Nothing wrong with differing points of view, as long as they are factual...or as long as you recognize the bias behind them.

For instance, is it a good thing or a bad thing that health care expenditures make up 16 percent of our economy. You answer probably predicts your positions on a lot of the health care proposals.

Communications guru said...

You’re right, but I don’t see the bias in this case. It wouldn’t be a bad thing at all to spend 16 percent of the GDP if everyone had access to health care, but not so much when 50 million are left with no access and many more are struggling.

kevins said...

Unbelievable. You actually make a cogent argument.

I would agree that the issue is access to health care, particularly when it can do the most good...early detection and all that. Also, it should be portable. Someone who has worked for 20 years shouldn't find themselves without health insurance just because the company downsized.

These are arguments that Obama needs to make, rather than demonizing insurance companies. They aren't my favorite group but they all aren't Darth Vadar either. In fact, some forms of universal health coverage rely heavily on insurance companies.

group health insurance plans said...

Health care is something we can never mind in our life we mostly needed it for the assurance of our health benefits ....

Communications guru said...

All my arguments are logical, but when I am attacked, I attack back. However, I could never go as low as you have.

I agree with your position on portability. I wonder how many people want to start their own business or invent something, but are held back because they would be giving up health care for their families. I would take it a step further and say all Americans should be able to get sick and not lose everything and go into debt.

I disagree on insurance companies. We have the right demonizing the government. This is not just a fight to stop health care reform for many on the right; this is a fight by people like Dick Armey to kill Social Security and Medicare.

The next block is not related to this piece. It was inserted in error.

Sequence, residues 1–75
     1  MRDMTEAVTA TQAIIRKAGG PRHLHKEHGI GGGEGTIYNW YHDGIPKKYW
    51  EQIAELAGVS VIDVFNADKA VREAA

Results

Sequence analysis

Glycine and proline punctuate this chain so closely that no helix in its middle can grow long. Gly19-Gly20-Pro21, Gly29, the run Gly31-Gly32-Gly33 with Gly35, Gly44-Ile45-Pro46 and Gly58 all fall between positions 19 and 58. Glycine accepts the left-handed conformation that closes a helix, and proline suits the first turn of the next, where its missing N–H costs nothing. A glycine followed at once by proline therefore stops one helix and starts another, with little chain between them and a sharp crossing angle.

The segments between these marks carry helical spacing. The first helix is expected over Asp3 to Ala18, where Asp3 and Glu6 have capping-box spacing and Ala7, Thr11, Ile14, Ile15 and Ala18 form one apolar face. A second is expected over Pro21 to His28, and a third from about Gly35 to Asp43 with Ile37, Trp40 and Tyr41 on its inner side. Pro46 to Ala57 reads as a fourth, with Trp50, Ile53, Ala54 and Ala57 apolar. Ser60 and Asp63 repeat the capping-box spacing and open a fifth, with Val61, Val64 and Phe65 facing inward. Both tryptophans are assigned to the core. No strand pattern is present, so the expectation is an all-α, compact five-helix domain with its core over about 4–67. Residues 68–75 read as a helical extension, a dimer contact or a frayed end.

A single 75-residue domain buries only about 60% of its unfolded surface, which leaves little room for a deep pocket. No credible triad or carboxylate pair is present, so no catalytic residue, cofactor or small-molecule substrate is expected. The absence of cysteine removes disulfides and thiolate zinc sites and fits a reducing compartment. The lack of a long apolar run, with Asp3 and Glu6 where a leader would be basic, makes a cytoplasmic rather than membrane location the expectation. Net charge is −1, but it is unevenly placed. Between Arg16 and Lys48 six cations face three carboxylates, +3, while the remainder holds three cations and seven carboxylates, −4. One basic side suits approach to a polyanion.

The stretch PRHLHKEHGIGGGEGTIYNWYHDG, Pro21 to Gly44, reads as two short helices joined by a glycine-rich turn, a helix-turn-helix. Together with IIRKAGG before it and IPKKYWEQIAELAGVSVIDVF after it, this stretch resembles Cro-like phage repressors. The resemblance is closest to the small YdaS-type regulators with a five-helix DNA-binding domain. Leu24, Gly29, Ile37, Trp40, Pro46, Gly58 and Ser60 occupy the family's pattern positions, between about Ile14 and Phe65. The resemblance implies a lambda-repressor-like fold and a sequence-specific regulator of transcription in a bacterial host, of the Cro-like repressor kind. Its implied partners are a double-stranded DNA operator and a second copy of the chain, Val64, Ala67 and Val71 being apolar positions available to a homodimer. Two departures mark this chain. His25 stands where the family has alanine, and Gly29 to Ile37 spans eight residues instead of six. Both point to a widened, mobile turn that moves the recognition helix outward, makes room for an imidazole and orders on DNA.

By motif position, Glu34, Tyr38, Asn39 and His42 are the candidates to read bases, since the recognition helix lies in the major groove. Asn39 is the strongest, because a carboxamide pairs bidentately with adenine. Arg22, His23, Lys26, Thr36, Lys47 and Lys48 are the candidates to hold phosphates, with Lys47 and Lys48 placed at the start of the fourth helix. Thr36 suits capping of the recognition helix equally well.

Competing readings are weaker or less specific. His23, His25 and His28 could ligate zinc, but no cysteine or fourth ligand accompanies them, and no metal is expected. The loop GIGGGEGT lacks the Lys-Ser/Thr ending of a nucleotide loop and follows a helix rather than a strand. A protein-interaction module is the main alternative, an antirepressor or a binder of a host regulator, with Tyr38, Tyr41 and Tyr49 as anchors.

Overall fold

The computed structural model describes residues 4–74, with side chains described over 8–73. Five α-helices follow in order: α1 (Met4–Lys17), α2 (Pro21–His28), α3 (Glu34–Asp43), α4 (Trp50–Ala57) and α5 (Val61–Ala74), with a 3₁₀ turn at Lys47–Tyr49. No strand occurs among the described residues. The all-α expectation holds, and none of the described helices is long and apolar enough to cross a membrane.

Even if we had universal, single-payer, insurance companies would be there to sell supplemental policies, which is fine, but this is not a universal proposal, unfortunately.

kevins said...

I think you may be missing the point of the fight by the right. I think their main goal is to have Obama lose on big issue like health care, and then translate that into wins at the polling booth in 2010 and 2012. I think that's the playbook that they think worked after Bill Clinton got elected. I'm not saying they will be successful and I believe they are carrying the water for insurance comnpanies, but I think their main goal is to regain power by making Obama look ineffective. Health care just happens to be the place where they think they can best accomplish that.

Communications guru said...

I don’t think so. Their main goal is to defeat Obama at any cost on any issue. We saw this with Clinton, but this is far worse. They are using the same arguments against Clinton’s attempt to reform health care. Hell, they’re using the same arguments they used in 1961 to defeat the evil Medicare.

kevins said...

"I don't think so"???

What do you mean by that? Didn't you just say the same thing that I did.

Me: I think their main goal is to have Obama lose on a big issue like health care...

You: I don't think so. Their main goal is to defeat Obama at any cost on any issue.

(I can't bring up Vietnam, but you can bring up 1961 and Medicare. But so what? You agree with me and you can't agree that you agree with me. Strange.

Communications guru said...

That is correct, brett. I don’t think so in that their goal is not to “ have Obama lose on (sic) big issue like health care,” but to defeat Obama at any cost on any issue.

You can bring up Vietnam all you want, but it’s like comparing apples and oranges. It wasn’t me who borsht up 1961, it was the Republicans when they pulled out a 1961 video of Saint Reagan railing about “socialized medicine,” but they fail to mention he was talking about Medicare.

kevins said...

So it was "borsht up" in 1961?

Isn't borsch something to be quaffed?

You are making a lot of these mistakes. Are you off your meds?

Communications guru said...

Thanks, brett. The sentence should be: “It wasn’t me who brought up 1961.” I’m not sure how one equals lots of mistakes. I also notice you ignore the point about Saint Reagan. I’m not any meds.